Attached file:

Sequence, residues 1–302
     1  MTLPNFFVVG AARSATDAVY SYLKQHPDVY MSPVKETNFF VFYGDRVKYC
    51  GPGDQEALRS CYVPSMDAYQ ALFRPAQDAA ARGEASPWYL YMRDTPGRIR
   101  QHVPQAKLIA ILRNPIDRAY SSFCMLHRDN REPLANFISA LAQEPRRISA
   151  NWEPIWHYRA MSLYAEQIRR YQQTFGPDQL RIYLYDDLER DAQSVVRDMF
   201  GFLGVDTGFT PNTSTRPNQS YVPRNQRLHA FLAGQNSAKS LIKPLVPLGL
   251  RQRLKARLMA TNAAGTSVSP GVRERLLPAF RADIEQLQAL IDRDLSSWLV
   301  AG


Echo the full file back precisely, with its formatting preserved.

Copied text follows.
Sequence, residues 1–302
     1  MTLPNFFVVG AARSATDAVY SYLKQHPDVY MSPVKETNFF VFYGDRVKYC
    51  GPGDQEALRS CYVPSMDAYQ ALFRPAQDAA ARGEASPWYL YMRDTPGRIR
   101  QHVPQAKLIA ILRNPIDRAY SSFCMLHRDN REPLANFISA LAQEPRRISA
   151  NWEPIWHYRA MSLYAEQIRR YQQTFGPDQL RIYLYDDLER DAQSVVRDMF
   201  GFLGVDTGFT PNTSTRPNQS YVPRNQRLHA FLAGQNSAKS LIKPLVPLGL
   251  RQRLKARLMA TNAAGTSVSP GVRERLLPAF RADIEQLQAL IDRDLSSWLV
   301  AG